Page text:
How-To: Strive & Thrive From A Petty Vendetta

Submitted and written by Shamrin.


I am kickstarting this series because nothing is more satisfying that to list a bunch of commandments as a reminder for myself, and a token to maybe help at least one person out there.  Also, I happened to be on a verge of a massive breakdown all due to a petty problem I have been dragged into non-voluntarily by irrelevant neanderthal in my past life. Ah, the beauty of social media wars and insecurity-driven malevolence.

But hey, what’s success if you can’t handle a little bit of poison in your life, you know? My momma taught me better than that , so no, I am not going to sit and host a pity party. Below are idiot-proof , bullet-proof and stress-free (-ish?) ways to counter and overcome those nasty friendship feuds or Neanderthalic issues that comes with the millennials, which surpasses the good-ol’ confrontation days to a reality where the cowardice trolling takes place behind a computer screen.

1. Silence is bae

Do not react. This is exactly why trolls perpetuate negativity. They feed on reactions and actions and it continues in a vicious cycle. The biggest hearts and the strongest minds thrive on using silence to ‘kill’ the bad vibes, because it is just that. One thing that we all have to keep in mind that is there would be always noise in your background especially when you are doing something right and when truth is on your side. Unless this matter is not threatening or endangering your life, at least half of the problem would be tuned out by turning a blind eye to the matter. Nothing screams ‘classy’ than that.

2. When circle becomes a semi-circle

I know a little juice of gossip is an agenda for a kitty party with your best girls, right? Definitely an indulgence, I must say, but how often you stop yourself and think “..but to whose expense though?”. More often than not, we don’t think of the consequences of laughing at a person A’s bad haircut to sharing person F’s nasty fall out with a partner. When you are in the middle of a social wildfire, it is imperative to keep the news to yourselves. This is when you should shrink your social circle into a semicircle (at least) to minimize the damage for later. Your homegirl from high school do not need to know your personal beef with an ex, nor do your colleague about your dispute with another colleague. I am aware that this is easier said than done – in fact, one could challenge me by asking “ what if the opponent is doing the exact opposite? What else to do, if not to straighten the issue out with the forced audience? ”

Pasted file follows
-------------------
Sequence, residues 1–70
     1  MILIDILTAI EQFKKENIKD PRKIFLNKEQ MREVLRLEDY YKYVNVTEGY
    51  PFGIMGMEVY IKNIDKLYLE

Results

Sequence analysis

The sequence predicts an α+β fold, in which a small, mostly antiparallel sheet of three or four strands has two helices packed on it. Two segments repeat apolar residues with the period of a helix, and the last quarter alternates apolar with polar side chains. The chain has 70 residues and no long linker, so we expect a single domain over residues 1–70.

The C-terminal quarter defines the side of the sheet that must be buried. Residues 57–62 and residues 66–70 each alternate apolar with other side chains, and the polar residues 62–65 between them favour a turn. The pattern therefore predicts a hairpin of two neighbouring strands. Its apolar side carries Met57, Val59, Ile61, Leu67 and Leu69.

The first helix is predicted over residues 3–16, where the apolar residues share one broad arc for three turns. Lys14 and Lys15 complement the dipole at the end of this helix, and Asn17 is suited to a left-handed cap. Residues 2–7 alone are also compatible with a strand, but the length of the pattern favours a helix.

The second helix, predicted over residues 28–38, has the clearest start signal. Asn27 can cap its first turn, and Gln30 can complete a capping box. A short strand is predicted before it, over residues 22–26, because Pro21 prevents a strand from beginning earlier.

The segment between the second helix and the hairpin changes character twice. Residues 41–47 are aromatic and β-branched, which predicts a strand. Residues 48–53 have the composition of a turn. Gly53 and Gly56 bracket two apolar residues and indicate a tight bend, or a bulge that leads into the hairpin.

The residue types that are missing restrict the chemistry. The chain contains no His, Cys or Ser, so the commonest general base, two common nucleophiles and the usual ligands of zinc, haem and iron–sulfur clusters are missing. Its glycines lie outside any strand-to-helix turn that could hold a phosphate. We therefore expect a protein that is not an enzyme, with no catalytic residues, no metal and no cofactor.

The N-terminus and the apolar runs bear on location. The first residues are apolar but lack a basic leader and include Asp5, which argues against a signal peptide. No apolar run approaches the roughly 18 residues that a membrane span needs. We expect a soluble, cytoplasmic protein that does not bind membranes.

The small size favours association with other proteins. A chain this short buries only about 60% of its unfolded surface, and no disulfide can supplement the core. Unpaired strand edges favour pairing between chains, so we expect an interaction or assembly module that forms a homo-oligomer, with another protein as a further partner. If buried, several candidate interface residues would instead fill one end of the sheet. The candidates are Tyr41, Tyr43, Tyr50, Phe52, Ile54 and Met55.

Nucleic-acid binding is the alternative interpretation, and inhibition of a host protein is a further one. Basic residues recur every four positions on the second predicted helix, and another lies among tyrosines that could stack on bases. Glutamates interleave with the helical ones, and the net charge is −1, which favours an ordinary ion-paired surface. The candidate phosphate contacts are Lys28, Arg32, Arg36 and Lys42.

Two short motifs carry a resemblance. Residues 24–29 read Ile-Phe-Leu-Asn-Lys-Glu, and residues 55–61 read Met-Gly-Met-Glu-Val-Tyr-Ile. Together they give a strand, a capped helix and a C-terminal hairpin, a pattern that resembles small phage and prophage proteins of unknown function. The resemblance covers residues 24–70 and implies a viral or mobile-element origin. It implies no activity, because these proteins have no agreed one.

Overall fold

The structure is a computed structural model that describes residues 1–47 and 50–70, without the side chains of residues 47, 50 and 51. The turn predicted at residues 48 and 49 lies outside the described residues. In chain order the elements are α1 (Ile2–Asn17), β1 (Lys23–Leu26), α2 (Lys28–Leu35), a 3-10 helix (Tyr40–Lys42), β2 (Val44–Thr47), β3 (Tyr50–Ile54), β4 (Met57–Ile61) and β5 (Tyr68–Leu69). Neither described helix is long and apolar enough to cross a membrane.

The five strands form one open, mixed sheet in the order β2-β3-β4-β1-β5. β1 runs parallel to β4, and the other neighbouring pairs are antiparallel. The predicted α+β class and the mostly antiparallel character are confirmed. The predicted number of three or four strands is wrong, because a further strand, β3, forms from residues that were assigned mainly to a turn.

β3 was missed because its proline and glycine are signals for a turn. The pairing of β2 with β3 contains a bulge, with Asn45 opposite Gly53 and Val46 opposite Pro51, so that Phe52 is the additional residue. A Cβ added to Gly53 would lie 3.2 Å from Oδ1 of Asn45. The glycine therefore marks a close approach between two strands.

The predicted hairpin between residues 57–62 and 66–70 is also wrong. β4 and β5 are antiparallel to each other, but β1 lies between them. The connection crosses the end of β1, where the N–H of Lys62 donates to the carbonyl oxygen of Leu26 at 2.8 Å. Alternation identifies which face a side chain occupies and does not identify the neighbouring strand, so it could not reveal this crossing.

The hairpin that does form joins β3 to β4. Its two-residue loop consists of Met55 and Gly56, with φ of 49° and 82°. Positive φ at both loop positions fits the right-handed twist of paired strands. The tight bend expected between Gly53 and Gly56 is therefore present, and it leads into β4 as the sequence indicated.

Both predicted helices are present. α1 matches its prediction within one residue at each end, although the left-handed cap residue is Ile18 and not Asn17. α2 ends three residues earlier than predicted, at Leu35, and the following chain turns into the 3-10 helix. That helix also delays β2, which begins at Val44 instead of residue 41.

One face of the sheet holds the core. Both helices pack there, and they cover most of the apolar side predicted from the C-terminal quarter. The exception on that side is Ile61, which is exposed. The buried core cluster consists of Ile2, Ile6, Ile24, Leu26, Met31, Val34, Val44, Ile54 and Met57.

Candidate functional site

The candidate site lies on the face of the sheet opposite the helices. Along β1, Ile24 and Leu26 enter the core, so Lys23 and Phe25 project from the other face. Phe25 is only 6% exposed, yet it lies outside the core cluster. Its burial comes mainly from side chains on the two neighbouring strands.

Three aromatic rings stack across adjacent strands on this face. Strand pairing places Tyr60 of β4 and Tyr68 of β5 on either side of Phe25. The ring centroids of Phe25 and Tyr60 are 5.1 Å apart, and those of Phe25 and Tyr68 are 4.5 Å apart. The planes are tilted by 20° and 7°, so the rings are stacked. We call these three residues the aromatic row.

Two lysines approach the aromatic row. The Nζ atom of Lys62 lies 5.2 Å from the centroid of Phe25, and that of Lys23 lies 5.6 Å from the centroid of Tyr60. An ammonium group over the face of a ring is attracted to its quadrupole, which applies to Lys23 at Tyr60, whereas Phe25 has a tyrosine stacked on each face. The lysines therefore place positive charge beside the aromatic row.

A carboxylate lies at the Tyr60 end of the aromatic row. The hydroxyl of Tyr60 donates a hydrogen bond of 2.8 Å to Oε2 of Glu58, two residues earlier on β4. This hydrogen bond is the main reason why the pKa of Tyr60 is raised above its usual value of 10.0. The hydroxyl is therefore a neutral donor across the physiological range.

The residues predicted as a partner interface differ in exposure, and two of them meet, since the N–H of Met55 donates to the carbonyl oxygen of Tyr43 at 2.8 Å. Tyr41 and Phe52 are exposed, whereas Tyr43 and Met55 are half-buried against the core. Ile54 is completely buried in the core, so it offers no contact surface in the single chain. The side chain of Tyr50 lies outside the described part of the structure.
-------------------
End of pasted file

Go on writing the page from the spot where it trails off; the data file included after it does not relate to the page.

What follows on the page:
This is where trust and a person’s ability to save their own asses come into play. Coming from an observation, no one would jump into someone else’s vendetta to play hero for either party. Now, mediating an issue is completely a different thing (although necessary in some cases) , however taking up a role to “handle” a feud for one party is extremely rare and almost unheard off. We have to accept the fact that most people tuning into your stories are in it for their own entertainment , a short-lived satisfaction that perhaps the grass is indeed greener on their side. A bold statement, but this is purely from my observation. Before you seek someone for a solution or consolation, do weigh in on their influence on the dilemma as a whole, as well as making sure that their role would not blow the existing problem out of proportion. Nothing beats choosing a close family member for a place of comfort , or a caring friend, who has no relation in any shape or form with your opponent. Try this, and thank me later.

3. Distraction is always a good idea

So far, I have only touched on being anti-enabler of a vendetta. Following this personal mantra, I turn to my various channels of distraction to put my mind and heart on  ‘airplane-mode’ when things starts to get shaky. Youtube is my loyal husband through thick and thin together with exercise. Fitness is my alternative to punching people and nothing gives me the high and de-stress as a good session of cardio gives me. With distraction, one would be able to measure the proportion of a nagging dilemma they thought they were in, and then carry that forward to the next logical step. I see distraction is the first line of filter to really determine how badly an issue could affect myself. Also, I see it as a mild process to detach your heart from an issue, and lubricate your mind to think about solving the problem. If you have hobbies and passions, this is the high time to tune your mind towards it and then determine your next step. If you realise the matter is in fact petty and not worth your time , that’s fantastic, move on and continue your path. However, if you still find it particularly hard to get over the issue, don’t fret it. Calm down, get your mind into zen mode and configure your next move.